The U.S. Army Corps of Engineers is defending its claim that the Dakota Access pipeline has no significant environmental impact, but it issued only a brief summary of its court-ordered reassessment while keeping the full analysis confidential. The delay in releasing the full report, including crucial details about potential oil spills, has incensed the Standing Rock Tribe, whose reservation sits a half-mile downstream from where the pipeline crosses the Missouri River. The tribe said the Army Corps is stonewalling, and it said it will continue to oppose the pipeline. Meanwhile, oil continues to flow through the pipeline two years after opponents set up a desperate encampment to try to block the project. In June 2017, a federal judge ordered the Corps to reassess the potential environmental harm posed by the pipeline,
DOON, Iowa (AP) — A freight train derailed in northwest Iowa on Friday, leaking crude oil from into flooded fields flanking the tracks and raising concerns about the possible contamination of residential water supplies downstream, officials said. BNSF railroad spokesman Andy Williams said no one was injured when 33 oil tanker cars from Alberta, Canada, derailed around 4:30 a.m. Friday just south of Doon in Lyon County. Some of the tankers were compromised, causing the oil to leak into floodwaters and eventually into the rain-swollen Little Rock River, but officials didn’t have an exact number of tankers that leaked oil by late Friday afternoon, Williams said. BNSF had hazardous materials and environmental experts on the scene and had begun cleanup within hours of the derailment, Williams said.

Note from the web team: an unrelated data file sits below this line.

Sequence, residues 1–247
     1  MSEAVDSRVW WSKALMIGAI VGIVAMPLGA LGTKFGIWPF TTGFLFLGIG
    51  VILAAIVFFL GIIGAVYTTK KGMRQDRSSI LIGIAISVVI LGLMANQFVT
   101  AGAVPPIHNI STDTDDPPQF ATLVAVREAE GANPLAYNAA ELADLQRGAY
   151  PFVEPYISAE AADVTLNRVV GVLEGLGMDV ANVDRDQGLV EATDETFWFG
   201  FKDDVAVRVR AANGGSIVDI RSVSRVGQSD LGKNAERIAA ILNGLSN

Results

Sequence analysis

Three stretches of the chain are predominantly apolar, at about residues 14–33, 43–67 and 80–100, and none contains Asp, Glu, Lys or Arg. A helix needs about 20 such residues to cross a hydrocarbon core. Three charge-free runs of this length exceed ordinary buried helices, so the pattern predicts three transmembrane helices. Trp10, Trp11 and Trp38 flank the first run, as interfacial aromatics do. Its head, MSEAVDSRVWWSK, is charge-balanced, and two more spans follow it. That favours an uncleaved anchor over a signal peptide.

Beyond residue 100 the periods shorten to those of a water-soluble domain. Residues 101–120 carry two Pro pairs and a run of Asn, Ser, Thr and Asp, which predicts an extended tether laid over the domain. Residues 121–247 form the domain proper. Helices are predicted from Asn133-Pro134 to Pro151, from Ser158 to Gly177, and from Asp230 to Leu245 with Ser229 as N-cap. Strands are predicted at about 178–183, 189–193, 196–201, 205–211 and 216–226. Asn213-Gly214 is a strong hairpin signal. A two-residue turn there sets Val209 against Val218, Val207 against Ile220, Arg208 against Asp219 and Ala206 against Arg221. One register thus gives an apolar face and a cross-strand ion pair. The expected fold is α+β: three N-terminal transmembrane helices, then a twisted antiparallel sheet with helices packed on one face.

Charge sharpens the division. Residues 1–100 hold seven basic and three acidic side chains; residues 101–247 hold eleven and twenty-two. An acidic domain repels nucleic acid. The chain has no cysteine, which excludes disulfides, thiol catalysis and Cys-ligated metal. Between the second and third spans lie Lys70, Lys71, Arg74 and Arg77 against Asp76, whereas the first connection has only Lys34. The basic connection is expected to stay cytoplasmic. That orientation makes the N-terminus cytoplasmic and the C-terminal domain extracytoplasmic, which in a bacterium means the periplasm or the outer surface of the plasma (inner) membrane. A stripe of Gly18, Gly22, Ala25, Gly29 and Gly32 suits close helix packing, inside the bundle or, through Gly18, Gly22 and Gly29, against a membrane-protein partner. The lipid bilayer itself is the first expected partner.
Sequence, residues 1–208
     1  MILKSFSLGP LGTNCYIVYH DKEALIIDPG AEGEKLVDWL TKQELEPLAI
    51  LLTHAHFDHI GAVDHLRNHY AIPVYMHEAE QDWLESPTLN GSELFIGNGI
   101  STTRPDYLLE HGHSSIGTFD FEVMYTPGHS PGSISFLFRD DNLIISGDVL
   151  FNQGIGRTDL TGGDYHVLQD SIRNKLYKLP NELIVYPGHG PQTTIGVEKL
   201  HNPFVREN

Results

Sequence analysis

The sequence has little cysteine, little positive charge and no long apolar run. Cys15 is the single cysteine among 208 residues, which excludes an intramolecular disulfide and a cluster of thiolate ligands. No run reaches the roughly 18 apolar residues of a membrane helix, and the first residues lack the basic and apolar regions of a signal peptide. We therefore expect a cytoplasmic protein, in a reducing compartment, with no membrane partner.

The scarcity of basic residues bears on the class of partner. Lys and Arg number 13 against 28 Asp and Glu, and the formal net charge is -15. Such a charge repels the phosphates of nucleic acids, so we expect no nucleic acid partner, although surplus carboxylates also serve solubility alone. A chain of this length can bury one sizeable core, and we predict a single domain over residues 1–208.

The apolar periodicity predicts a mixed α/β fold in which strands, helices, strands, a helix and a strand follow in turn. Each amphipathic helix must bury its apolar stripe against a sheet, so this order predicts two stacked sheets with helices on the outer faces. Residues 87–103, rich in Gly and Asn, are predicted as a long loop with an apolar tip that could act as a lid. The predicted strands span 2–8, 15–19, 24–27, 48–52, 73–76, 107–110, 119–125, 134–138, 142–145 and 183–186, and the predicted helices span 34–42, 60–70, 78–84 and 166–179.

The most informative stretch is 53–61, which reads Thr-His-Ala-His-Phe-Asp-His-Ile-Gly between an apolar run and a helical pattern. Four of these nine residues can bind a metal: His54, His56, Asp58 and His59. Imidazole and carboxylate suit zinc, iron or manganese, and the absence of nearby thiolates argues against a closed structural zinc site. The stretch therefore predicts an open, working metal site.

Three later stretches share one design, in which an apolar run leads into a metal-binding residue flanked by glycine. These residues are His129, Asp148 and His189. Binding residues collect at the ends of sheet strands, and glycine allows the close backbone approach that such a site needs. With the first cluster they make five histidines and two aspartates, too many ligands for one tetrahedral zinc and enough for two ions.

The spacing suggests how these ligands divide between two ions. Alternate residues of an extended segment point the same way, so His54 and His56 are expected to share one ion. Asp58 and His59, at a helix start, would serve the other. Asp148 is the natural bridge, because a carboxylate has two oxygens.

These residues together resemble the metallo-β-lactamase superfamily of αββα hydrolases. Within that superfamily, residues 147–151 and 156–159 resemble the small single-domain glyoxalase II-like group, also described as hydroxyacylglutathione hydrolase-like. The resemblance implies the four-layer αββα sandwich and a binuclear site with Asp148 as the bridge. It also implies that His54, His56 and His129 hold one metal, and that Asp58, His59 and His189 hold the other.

The Canadian oil pipeline company responsible for one of the largest inland oil spills on record has agreed to pay a $1.8 million fine for failing to thoroughly inspect its pipelines for weaknesses as required under a 2016 agreement. Federal officials say Enbridge, Inc., did not carry out timely and thorough inspections on one of its pipeline systems, as it had agreed to do as part of a consent decree reached with the U.S. Environmental Protection Agency and U.S. Department of Justice. The 2016 settlement stemmed from a massive 2010 oil spill into Michigan's Kalamazoo River. The spill required years and more than a billion dollars to clean up, and it highlighted the hazards of pumping heavy tar sands oil through pipelines. More than 1 million gallons of tar sands oil spilled into the Kalamazoo River near the town of Marshall when a 6-foot rupture opened in Enbridge pipeline 6B.
5,475 days, 527 pipeline spills: that's the math presented in a new report from environmental groups Greenpeace USA and the Waterkeeper Alliance examining pipelines involving Dakota Access builder Energy Transfer Partners (ETP). It's based on public data from 2002 to 2017. All told, those leaks released 3.6 million gallons of hazardous liquids, including 2.8 million gallons of crude oil, according to data collected from the federal Pipeline and Hazardous Materials Safety Administration (PHMSA). That doesn't include an additional 2.4 million gallons of “drilling fluids, sediment, and industrial waste” leaked during ETP's construction of two pipelines in West Virginia, Pennsylvania, Ohio, and Michigan. Also left out: air pollution and leaks from natural gas pipelines, which were beyond the scope of the new report but which play a significant role in climate change and can cause explosions.